KABUL, Afghanistan – In the bloodiest fighting this year, U.S. Marines killed more than 80 insurgents in a three-week offensive against a Taliban (search) stronghold in the mountains of southern Afghanistan, the military said Saturday.
The U.S. military insisted the battle was a victory that will help secure fall elections — rather than a sign of the resilience of Taliban-led militants.
Two Marines were wounded in the fighting, the military said.
"The Marines have been aggressive, relentless and successful," U.S. military spokesman Lt. Col. Tucker Mansager said. "They have demonstrated that there is no refuge for the terrorists."
Some 2,000 Marines were sent to Afghanistan this spring, swelling the U.S.-dominated force to 20,000 — its largest yet — in an attempt to put rebels on the defensive ahead of September elections.
Militants have stepped up their own operations, feeding a spiral of violence that has left more than 450 people dead across the country this year.
Troops elsewhere had come under rocket and mortar fire several times in recent days but suffered no casualties, Mansager said.
In another operation, U.S. troops on Friday detained an expert bombmaker about 40 miles south of Kabul, Mansager said. He described the suspect as a "medium-value target" but declined to give more details.
The U.S. military and international peacekeepers based in Kabul have warned since last year that militants are increasingly using the kind of roadside bombs that have proved so deadly in Iraq.
Seven U.S. serviceman have been killed in southern Afghanistan (search) since early May — including four when a mine ripped through their Humvee — and dozens of Afghan soldiers have died in the region this year.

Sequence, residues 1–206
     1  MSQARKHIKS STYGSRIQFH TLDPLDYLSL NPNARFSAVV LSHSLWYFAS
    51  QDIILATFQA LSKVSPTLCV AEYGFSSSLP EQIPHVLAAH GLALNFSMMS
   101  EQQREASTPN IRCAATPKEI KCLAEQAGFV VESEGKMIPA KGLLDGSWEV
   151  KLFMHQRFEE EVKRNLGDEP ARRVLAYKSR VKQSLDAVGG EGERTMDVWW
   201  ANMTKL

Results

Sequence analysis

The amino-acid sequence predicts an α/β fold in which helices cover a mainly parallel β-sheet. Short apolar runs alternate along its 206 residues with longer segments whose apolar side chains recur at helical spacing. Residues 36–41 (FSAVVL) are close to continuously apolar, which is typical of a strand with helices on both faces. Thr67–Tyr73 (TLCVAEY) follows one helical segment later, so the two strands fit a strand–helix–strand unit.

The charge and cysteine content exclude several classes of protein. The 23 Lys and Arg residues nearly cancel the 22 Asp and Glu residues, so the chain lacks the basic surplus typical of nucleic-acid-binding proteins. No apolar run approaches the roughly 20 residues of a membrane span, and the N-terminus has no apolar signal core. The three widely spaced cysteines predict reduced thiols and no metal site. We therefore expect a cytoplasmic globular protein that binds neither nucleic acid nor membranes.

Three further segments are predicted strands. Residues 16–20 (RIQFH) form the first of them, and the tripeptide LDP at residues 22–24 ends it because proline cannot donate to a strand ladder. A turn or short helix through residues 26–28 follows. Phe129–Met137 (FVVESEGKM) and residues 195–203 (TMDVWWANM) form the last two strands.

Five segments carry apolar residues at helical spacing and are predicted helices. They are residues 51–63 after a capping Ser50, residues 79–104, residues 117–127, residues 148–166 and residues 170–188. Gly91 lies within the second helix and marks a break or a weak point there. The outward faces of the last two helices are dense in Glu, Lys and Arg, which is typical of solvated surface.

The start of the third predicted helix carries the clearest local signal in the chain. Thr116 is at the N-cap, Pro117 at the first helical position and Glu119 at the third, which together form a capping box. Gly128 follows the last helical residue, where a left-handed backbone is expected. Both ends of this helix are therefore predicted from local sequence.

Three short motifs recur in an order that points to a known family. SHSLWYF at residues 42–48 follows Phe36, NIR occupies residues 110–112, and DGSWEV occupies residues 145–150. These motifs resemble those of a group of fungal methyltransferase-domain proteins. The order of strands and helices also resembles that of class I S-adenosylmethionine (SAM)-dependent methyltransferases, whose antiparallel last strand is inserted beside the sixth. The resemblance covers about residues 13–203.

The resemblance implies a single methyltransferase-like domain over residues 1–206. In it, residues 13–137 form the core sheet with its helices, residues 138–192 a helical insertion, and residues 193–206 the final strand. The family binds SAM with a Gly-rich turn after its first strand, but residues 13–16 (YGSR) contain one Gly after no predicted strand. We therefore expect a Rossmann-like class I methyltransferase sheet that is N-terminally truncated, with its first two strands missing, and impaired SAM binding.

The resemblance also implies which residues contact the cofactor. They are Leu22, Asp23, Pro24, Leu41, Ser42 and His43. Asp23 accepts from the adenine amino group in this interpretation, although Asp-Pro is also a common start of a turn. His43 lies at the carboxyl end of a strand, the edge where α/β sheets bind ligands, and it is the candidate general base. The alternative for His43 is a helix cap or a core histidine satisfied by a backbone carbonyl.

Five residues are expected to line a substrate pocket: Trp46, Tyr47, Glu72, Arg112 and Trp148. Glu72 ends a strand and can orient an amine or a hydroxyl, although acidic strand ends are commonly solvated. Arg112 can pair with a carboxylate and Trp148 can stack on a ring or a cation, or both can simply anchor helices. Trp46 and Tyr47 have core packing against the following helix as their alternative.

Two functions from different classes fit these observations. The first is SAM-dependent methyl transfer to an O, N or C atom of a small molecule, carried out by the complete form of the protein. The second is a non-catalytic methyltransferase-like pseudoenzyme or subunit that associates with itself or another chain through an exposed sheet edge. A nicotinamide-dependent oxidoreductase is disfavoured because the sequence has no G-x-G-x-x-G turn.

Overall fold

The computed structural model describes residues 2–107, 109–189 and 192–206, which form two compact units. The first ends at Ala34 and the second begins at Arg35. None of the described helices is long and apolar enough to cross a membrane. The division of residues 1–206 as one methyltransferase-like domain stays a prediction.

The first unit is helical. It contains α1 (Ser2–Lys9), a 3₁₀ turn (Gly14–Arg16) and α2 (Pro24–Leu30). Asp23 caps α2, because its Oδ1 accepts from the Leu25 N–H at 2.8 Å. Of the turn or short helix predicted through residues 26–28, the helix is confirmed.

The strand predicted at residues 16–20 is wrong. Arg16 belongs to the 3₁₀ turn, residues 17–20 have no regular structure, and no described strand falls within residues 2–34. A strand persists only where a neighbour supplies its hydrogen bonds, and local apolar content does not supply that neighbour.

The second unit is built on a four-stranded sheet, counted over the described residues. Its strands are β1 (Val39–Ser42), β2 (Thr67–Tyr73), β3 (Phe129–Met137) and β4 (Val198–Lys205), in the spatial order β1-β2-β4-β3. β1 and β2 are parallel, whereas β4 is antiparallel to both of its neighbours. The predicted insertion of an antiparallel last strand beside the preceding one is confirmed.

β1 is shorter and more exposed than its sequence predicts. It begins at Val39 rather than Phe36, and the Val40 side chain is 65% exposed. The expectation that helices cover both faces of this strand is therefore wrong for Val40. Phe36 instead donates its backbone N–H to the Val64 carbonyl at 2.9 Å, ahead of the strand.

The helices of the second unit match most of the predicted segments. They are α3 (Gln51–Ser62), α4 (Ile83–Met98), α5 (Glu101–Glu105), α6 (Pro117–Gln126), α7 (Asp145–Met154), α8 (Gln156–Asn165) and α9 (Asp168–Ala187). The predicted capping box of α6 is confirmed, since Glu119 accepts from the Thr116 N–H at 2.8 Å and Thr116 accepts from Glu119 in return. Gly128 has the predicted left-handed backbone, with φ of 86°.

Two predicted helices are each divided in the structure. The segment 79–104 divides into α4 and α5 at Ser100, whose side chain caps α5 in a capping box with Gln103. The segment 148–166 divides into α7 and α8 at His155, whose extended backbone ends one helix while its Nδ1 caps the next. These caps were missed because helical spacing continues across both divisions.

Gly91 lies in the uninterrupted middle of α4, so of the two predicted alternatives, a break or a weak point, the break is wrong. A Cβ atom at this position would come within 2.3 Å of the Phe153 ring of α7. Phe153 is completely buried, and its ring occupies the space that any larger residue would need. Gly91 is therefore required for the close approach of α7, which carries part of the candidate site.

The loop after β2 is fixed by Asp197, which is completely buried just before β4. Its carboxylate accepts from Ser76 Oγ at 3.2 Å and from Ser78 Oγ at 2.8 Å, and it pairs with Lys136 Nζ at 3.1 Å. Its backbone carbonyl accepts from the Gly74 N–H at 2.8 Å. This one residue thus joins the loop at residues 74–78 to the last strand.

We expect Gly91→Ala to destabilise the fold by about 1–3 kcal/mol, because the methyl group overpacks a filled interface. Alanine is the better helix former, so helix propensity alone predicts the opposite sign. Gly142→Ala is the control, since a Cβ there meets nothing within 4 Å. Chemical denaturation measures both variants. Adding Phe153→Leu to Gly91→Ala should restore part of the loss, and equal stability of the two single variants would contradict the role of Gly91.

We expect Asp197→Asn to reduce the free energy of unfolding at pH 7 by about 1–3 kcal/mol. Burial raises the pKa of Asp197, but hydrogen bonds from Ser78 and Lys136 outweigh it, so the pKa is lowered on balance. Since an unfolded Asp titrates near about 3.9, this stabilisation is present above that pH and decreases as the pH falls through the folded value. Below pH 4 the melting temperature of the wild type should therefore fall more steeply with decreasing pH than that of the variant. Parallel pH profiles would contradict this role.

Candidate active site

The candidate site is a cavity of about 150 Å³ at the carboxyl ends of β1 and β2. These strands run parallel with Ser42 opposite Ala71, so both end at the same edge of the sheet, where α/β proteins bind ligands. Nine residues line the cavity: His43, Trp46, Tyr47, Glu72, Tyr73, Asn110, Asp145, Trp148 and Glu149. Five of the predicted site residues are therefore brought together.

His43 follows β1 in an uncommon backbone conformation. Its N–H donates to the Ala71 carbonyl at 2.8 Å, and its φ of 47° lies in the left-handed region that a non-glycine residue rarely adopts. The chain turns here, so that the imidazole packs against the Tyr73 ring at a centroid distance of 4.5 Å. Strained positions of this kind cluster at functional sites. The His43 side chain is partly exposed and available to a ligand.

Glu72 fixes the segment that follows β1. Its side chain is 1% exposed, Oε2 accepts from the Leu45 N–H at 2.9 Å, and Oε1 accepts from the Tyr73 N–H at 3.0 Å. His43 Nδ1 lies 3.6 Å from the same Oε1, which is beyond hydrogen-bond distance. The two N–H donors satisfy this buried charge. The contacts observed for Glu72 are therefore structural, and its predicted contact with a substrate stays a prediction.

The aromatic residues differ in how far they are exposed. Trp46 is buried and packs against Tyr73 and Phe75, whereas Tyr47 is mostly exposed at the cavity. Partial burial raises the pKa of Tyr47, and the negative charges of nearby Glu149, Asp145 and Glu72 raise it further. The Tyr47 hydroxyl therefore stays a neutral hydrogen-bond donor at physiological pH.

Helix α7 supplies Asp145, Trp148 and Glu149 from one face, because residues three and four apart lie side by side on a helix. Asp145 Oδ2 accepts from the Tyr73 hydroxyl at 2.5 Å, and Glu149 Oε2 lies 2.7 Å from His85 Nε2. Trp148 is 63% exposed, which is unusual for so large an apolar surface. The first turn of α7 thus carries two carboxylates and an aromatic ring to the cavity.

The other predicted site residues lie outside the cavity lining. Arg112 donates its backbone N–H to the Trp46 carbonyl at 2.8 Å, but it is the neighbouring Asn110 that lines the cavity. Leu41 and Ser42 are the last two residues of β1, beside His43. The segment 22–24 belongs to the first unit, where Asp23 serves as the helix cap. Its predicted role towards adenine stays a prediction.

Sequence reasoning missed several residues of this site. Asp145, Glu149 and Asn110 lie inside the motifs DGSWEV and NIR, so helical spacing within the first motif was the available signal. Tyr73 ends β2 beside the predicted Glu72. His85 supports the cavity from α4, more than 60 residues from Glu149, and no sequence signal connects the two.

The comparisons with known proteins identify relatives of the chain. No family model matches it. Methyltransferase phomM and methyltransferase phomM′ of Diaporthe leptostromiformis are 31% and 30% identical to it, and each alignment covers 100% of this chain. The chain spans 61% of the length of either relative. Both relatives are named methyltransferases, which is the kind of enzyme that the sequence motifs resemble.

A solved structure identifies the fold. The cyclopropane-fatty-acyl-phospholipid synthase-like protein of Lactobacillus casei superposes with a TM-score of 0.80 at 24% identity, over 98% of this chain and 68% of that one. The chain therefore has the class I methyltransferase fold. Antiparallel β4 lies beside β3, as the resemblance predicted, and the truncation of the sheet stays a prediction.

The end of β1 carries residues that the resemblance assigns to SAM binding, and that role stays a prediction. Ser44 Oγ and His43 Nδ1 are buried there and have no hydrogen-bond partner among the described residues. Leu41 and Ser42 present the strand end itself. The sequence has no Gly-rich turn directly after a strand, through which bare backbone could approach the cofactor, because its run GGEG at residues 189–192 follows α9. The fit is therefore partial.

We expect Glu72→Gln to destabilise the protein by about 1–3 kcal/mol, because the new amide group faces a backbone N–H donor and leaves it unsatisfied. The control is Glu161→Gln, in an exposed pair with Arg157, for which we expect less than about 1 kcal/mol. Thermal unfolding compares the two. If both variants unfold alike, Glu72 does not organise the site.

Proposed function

The Marines are based in Uruzgan Province, the home of fugitive Taliban leader Mullah Omar (search), and have called in warplanes to pound a large group of militants in nearby mountains.
Most of the fighting has been near Daychopan (search), in neighboring Zabul province, a rerun of clashes last summer that left more than 100 militants and one American special operations soldier dead.
Mansager said the Marines' offensive was allowing regular Army troops to focus on building ties with local communities across the troubled border region.
Commanders hope this approach, which includes millions of dollars in reconstruction aid, will persuade villagers and tribes to turn against the militants and provide intelligence.
It also is supposed to help safeguard the elections.
The United Nations has registered nearly one-third of the estimated 10 million voters but has yet to send voter registration teams into the most hostile areas.
Eleven rockets were fired at a convoy of U.N., government and American military officials in a lawless region near the Pakistani border on Friday, injuring no one.